Terra Australis – Davis Island – Rapa Nui

Terra Australis – Davis Island – Rapa Nui

Terra Australis – Isla de Davis Island – Rapa Nui

by Cristián Moreno Pakarati – Historiador / Historian

The remote geography of Rapa Nui (Easter Island) in the South Pacific seas, at 3,700 km (2,300 miles) from the South American continent and 4,000 km (2,500 miles) from Tahiti, has kept it under an imaginary aura of mystery and legend.

In spite of outstanding developments in navigation, crews with vast experience, the use of sophisticated instruments and excellent cartography, all of which were lacking among other seafaring peoples, the Europeans with their caravels and galleons needed hundreds of years of exploration in the Pacific Ocean to finally make contact with Rapa Nui. The first recorded sighting was in 1722 by three ships of the Dutch West Indian Company under the command of Jacob Roggeveen. That was followed by several failed attempts to find it again. It was nearly a half century later that the next European expedition arrived under the Spaniard González de Aedo, who set sail from Peru in 1770. All these ships made a rather unsettling discovery – almost all of the islands or groups of islands in the Pacific were inhabited, but by people who had no knowledge of metal nor of nautical instruments. They only had simple canoes.

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The most important stimulus for all these voyages of exploration was, of course, economic. The different European powers, especially Spain, Portugal, England and France, began a frantic competition in search of new territories which could be exploited, creating great empires in the process. In this period, at the end of 1520, the Portuguese navigator Ferdinand Magellan, at the head of an expedition financed by the Spanish crown, crossed through the strait that today bears his name on the southern tip of South America and sailed the first European ship into the waters that the Polynesians called Moana Nui a Kiva, giving it the European name of the “Pacific Ocean”.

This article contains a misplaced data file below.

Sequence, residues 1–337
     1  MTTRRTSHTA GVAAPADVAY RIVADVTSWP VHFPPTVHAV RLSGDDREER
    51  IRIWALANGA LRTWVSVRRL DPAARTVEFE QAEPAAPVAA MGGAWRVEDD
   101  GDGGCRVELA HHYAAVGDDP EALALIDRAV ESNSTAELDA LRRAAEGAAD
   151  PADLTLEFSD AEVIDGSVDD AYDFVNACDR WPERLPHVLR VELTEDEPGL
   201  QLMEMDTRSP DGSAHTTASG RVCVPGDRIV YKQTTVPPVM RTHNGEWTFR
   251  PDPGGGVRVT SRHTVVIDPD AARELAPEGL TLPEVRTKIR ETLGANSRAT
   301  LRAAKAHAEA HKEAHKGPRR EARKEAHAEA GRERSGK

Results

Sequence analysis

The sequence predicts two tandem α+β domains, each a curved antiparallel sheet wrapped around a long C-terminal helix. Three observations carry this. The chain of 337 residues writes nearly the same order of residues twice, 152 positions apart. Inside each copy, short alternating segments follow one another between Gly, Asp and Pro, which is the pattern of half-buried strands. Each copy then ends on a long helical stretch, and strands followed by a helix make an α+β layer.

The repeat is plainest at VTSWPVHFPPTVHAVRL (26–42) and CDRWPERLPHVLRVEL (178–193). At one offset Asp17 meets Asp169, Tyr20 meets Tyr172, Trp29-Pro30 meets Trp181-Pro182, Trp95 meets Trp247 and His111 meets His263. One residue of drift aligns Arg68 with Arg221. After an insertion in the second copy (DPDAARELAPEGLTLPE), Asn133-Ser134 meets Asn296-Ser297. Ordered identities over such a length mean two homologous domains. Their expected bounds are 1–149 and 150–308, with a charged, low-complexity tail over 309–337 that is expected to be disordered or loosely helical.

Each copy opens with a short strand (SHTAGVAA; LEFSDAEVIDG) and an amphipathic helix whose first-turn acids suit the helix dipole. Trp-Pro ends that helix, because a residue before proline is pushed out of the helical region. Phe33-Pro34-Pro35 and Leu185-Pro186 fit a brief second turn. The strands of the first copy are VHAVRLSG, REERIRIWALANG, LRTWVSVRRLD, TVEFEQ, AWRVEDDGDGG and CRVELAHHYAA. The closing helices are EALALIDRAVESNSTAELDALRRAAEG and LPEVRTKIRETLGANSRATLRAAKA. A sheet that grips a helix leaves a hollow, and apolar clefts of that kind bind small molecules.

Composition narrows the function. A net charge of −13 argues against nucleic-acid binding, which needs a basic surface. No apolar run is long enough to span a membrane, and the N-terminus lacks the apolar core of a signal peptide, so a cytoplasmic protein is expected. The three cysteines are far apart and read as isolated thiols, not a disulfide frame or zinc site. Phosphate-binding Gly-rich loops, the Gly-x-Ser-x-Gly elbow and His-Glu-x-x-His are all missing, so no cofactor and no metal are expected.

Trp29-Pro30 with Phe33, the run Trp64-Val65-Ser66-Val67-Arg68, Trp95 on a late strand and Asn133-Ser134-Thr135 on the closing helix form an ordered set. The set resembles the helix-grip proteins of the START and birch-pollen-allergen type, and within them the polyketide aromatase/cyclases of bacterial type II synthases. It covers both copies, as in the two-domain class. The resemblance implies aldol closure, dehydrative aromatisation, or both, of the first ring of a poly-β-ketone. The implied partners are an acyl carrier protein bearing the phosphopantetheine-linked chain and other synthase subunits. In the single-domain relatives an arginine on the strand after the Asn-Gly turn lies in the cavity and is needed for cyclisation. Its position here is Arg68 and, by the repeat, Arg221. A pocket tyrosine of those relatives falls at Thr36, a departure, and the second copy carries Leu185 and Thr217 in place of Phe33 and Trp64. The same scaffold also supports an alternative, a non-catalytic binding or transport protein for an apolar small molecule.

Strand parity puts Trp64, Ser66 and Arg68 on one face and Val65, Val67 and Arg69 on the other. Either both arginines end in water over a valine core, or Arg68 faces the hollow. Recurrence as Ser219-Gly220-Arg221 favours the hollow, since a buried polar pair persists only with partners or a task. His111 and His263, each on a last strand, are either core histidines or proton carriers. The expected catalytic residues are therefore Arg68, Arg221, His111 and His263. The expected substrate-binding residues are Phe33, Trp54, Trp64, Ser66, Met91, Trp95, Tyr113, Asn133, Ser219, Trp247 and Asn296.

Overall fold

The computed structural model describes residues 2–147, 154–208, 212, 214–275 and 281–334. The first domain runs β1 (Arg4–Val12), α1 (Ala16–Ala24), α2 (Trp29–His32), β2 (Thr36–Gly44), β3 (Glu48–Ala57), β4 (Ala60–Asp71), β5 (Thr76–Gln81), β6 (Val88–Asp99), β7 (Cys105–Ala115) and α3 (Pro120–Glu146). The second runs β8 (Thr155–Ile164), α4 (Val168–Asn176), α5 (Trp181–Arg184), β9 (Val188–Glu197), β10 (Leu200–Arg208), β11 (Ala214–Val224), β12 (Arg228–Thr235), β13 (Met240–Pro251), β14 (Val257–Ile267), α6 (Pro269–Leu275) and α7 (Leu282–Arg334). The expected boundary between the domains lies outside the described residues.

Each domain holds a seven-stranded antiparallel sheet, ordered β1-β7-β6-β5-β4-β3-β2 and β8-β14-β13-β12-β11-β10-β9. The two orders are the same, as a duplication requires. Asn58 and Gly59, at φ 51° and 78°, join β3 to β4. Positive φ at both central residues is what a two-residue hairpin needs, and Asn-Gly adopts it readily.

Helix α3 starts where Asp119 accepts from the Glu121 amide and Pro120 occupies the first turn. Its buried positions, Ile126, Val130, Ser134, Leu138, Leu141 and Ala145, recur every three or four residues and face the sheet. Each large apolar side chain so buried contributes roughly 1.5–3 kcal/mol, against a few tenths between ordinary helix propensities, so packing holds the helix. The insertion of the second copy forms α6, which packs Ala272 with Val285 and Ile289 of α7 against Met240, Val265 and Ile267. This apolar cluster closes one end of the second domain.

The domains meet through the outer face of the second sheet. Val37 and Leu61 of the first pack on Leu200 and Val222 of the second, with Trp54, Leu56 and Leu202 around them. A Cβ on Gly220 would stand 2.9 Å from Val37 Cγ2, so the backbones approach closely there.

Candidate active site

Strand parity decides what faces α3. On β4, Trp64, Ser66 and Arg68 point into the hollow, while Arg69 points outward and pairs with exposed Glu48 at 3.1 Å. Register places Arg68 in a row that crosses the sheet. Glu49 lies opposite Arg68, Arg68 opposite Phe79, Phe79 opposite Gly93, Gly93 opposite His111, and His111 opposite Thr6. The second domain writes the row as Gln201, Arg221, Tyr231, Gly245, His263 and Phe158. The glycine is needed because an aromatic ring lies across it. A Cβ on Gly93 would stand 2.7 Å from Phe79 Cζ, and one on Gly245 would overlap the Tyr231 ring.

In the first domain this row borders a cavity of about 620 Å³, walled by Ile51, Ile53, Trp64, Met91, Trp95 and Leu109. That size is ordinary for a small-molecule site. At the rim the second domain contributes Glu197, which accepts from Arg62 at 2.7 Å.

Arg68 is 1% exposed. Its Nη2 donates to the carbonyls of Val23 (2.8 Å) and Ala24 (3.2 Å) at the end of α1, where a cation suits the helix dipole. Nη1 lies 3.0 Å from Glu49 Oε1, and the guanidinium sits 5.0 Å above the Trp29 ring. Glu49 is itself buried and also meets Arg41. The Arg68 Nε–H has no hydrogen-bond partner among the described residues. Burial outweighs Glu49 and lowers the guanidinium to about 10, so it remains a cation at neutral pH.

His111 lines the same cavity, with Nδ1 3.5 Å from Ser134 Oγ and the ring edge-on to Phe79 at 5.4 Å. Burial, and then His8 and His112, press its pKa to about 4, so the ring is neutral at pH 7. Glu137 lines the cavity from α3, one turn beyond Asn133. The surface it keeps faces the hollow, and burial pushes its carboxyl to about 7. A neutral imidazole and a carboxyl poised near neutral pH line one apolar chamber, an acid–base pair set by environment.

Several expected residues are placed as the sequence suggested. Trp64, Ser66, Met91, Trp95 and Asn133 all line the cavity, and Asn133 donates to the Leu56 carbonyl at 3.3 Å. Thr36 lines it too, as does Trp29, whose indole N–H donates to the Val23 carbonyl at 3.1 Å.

The Spanish dominated the exploration of this new ocean during the entire 16th Century with voyages under the command of García Jofré de Loaisa in 1525, Álvaro de Saavedra in 1527, Ruy López de Villalobos in 1542 and Miguel López de Legazpi in 1564. Soon, however, explorers under the patronage of other empires began to rival the Spaniards. The English privateer Francis Drake in 1578 and his compatriot Thomas Cavendish in 1586 covered enormous extensions of the Pacific. The Dutch became part of this race at the turn of the century, as a result of their war for independence from Spain, sending out navigators such as Simón de Cordes and Olivier Van Noort between 1598 and 1601, followed by Jacob Le Maire and Willelm Schouten in 1615 and 1616. None of them, of course, stumbled upon this island with the giant statues, although they did see dozens of statues on other islands in various archipelagos, especially in Micronesia, giving those islands new names and making them colonies within their new empires.